Friday, October 10, 2014

Whip It Good

"The brain is hard-wired to distrust creativity," Derek Thompson informs us in his Atlantic article, "Why Experts Reject Creativity."  Psychologists know that any kind of change, anything new, involves a degree of uncertainty, which gives rise to anxiety.  Which is why dysfunctional relationships, especially families, often remain in what we call homeostasis.  Be ever so awful, there's no place like home.  

Thompson cites research that shows that the way to introduce something new in any field is to couch it in something familiar.  "In Hollywood, the 'high-concept' pitch offers a useful example....To grab their attention, writers often frame original ideas as a fresh combination of existing ideas.  'It's Groundhog Day meets War of the Worlds!'  Or 'It's Transformers on the ocean!'"

So, writer-director Damien Chazelle's film Whiplash (named after a song rehearsed in the film--the music by Justin Hurwitz is terrific) might be described as Rocky in the arena of jazz drumming, or Rocky meets The Great Santini or Full Metal Jacket, with Miles Teller playing an Iowa Bob inspired get-obsessed-and-stay-obsessed drummer who aspires to be the next Buddy Rich, and who meets his mentor and tormentor in the form of a music school teacher played with ferocious intensity by J. K. Simmons (below right).  

The movie has the dark, greenish palette of a David Fincher film, (kudos to cinematographer Sharone Meir). It was shot in just 19 days and edited in 10 weeks (with razor-sharp cutting by Tom Cross). Considering that this is only the second feature from 29-year-old Chazelle (he made a jazz musical in 2009 called Guy and Madeline on a Park Bench), it's a truly impressive piece of work, directed with exceptional craft, style, and passion.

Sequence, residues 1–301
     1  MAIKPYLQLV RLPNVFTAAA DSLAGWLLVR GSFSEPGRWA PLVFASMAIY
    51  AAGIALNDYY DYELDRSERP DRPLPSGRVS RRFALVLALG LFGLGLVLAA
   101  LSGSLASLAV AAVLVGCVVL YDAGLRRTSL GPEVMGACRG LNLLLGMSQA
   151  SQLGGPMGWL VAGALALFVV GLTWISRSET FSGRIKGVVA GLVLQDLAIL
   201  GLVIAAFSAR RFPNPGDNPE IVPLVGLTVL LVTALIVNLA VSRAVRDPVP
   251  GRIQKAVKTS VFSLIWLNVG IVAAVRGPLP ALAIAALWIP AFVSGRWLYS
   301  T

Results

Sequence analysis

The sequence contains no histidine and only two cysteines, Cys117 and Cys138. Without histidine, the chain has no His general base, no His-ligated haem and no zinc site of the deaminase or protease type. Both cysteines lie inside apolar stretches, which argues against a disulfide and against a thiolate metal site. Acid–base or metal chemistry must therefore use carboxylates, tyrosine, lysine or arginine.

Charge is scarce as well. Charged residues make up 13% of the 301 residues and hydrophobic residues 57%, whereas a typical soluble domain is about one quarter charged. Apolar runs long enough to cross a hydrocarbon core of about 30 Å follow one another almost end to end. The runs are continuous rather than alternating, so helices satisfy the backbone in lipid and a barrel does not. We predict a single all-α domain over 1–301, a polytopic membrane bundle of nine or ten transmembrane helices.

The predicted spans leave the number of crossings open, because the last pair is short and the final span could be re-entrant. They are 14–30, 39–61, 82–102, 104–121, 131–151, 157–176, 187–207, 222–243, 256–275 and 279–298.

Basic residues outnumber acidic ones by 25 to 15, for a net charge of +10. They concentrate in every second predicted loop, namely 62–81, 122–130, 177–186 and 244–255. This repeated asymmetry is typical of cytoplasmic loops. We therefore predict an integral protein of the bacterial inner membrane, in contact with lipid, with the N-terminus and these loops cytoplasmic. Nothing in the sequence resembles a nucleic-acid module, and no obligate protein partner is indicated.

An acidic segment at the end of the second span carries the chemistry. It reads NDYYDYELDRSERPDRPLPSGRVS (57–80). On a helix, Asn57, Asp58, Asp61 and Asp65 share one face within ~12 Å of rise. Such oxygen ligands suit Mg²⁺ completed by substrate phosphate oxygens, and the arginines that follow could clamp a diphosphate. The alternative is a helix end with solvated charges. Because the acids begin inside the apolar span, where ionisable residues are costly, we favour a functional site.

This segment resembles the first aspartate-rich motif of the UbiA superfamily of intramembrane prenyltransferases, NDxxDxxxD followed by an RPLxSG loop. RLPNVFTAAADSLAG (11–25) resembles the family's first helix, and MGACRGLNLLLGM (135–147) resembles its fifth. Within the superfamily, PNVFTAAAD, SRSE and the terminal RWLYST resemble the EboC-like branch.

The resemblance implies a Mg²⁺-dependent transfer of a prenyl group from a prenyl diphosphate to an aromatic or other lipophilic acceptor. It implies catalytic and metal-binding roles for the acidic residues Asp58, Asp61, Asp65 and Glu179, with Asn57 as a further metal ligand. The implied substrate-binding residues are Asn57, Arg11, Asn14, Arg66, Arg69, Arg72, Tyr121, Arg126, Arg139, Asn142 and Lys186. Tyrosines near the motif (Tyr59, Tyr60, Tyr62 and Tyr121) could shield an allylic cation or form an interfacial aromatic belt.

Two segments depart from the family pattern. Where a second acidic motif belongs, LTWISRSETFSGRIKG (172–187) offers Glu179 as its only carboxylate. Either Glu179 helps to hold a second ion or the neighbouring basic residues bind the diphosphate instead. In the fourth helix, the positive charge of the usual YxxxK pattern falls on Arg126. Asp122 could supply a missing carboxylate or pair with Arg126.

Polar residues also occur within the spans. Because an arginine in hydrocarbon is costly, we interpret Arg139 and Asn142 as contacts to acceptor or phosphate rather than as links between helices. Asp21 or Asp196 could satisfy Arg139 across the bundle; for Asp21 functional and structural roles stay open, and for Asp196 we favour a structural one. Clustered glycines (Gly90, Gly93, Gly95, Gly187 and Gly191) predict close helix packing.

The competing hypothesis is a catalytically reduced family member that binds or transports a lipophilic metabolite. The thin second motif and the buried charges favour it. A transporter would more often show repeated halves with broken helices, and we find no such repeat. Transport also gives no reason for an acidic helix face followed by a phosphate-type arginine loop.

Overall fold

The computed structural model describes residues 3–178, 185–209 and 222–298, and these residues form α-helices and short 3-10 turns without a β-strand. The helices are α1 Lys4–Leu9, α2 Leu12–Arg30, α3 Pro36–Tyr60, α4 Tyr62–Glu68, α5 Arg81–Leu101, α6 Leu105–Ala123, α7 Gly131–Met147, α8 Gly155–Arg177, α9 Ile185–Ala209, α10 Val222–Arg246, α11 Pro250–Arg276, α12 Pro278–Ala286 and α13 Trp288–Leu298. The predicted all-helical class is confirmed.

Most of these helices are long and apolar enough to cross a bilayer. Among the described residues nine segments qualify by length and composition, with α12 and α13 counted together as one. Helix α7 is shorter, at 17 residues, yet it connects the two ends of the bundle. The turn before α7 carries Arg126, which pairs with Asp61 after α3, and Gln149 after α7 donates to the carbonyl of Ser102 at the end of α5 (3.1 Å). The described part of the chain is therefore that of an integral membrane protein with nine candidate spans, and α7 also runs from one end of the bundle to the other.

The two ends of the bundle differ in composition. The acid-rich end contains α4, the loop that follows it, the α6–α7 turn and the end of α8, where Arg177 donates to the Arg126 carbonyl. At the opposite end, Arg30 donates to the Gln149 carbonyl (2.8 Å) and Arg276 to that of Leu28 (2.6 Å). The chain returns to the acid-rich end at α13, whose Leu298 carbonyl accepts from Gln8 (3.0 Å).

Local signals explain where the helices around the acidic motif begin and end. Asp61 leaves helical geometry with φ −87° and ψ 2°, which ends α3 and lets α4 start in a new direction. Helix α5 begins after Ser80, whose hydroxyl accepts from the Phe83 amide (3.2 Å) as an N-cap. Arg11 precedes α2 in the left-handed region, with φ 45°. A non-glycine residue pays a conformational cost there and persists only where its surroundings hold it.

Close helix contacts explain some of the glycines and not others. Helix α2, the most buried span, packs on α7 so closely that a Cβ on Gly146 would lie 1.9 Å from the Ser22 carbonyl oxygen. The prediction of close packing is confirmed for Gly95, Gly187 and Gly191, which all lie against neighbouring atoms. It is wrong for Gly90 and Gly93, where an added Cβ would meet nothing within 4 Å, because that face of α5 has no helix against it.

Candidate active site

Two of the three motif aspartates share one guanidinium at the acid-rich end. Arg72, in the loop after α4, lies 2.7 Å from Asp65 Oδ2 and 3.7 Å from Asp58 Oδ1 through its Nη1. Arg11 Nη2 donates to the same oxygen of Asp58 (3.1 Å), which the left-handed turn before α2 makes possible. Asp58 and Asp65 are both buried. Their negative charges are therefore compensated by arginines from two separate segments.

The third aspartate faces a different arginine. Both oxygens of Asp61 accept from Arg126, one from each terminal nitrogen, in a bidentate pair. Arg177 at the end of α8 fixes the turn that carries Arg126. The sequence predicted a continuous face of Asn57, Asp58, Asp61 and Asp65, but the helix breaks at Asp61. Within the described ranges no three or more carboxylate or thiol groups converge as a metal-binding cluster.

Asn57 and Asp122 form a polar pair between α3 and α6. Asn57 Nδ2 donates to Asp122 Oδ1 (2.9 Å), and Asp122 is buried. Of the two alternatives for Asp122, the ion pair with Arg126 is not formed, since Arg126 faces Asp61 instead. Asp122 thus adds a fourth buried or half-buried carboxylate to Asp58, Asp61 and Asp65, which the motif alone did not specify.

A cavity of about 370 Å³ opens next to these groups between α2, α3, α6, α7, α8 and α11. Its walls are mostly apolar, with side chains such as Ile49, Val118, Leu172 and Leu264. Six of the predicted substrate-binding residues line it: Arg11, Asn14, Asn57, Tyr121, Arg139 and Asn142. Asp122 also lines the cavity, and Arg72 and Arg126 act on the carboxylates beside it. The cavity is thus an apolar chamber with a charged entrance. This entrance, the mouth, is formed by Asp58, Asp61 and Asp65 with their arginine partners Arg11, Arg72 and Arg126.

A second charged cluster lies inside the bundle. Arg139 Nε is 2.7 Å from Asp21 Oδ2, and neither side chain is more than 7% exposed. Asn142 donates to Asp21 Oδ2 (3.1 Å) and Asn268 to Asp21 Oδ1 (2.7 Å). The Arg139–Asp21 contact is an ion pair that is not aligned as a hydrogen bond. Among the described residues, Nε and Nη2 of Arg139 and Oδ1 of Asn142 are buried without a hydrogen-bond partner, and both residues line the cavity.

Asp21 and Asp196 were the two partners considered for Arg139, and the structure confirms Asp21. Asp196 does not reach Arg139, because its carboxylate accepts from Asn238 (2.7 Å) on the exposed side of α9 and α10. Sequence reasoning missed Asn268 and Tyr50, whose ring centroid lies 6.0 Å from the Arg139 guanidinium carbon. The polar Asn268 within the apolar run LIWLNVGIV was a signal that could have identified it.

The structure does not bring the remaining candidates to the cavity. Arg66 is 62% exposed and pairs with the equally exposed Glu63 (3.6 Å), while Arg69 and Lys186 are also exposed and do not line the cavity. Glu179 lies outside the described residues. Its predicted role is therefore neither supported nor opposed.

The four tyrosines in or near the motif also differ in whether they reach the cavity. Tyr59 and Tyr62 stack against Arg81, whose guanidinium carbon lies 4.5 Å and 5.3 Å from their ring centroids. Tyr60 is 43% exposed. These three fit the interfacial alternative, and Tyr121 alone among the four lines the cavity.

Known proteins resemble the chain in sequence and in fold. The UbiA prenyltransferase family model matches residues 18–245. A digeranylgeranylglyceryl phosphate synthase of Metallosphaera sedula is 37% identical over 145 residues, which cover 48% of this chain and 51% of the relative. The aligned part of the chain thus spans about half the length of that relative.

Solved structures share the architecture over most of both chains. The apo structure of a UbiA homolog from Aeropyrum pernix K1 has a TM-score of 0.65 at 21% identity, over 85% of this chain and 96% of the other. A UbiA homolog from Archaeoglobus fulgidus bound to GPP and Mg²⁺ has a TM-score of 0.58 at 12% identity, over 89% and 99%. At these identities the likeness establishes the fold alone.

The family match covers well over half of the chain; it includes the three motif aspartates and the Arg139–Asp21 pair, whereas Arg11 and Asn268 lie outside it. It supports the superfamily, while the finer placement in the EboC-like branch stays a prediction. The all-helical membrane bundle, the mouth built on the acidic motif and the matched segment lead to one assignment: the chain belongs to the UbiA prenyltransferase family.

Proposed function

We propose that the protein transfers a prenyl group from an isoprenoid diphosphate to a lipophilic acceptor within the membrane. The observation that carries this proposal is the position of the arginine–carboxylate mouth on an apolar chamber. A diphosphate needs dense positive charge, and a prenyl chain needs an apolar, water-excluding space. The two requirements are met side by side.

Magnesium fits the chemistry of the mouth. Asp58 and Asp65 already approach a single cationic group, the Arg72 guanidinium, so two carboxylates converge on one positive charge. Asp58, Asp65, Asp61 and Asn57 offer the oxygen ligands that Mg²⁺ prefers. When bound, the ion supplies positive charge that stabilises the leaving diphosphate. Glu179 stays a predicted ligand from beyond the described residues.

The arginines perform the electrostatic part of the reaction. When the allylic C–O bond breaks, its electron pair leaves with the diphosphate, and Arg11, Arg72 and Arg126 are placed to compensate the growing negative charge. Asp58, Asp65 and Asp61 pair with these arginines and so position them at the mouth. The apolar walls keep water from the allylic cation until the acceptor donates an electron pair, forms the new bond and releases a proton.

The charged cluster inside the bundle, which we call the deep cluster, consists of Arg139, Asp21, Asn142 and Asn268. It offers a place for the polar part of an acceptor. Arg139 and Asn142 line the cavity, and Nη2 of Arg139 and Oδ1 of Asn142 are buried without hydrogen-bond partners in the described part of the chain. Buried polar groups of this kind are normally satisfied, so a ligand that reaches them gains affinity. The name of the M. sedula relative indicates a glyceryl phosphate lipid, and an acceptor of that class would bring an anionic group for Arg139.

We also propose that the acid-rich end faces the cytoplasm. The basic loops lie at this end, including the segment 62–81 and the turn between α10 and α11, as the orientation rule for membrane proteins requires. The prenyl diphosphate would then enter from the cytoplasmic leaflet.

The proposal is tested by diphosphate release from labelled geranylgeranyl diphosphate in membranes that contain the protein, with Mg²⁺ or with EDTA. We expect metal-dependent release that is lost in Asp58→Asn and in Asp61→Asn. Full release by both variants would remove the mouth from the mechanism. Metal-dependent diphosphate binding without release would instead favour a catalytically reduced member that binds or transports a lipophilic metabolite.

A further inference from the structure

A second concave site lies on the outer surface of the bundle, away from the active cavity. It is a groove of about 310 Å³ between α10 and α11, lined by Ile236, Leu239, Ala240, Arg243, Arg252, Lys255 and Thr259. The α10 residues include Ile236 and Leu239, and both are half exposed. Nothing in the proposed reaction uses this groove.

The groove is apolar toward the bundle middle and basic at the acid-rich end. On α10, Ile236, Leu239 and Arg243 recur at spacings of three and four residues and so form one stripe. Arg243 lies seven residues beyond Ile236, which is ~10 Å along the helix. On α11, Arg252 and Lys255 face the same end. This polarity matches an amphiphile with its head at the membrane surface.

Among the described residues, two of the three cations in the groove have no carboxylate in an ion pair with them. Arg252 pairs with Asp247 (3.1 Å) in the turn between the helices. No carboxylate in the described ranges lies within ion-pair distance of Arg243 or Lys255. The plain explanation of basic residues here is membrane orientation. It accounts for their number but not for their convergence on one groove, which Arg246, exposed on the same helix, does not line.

Whiplash has a familiar frame with  common tropes, but Chazelle manages not only to subvert (or perhaps exceed) outcomes when the expected plot points occur, but he relentlessly amps up the intensity, so much so that we think the film can't possibly continue to top itself.  But then we get to the climax and, well, it is orgasmic.  At the screening I attended, the film got a standing ovation, and everyone seemed wrung out and flushed...and thrilled.

Chazelle (above) revealed post screening that the film was based on his own high school experience as a drummer (although the movie is set in what can only be a stand in for Julliard).  He recalled that every day that he went to music class he would feel a "mounting dread," and that rehearsal was like "going to war."  Hence his decision to make a "music movie as if it had been a war movie."  He wanted to show how lonely being a musician can be, and also how drumming is "abstract, like mathematics." He said that, in high school, he would practice 6 hours a day until his hands bled.  And you can bet that Miles Teller's character's hands bleed a lot in the film.

Aside from the fact that drumming involves hitting and banging, Chazelle views jazz itself as having an "undercurrent of hostility"; he also said he feels that "conflict is a big part of jazz."   In Whiplash, that conflict is in our faces in the sparring between Teller and Simmons. These are, respectively, career-making and career-capping performances from the actors.

Just go see it.  As reviewer Brad Brevet put it, auteur Chazelle turns the volume up not just to eleven, "but he breaks the damned thing off."

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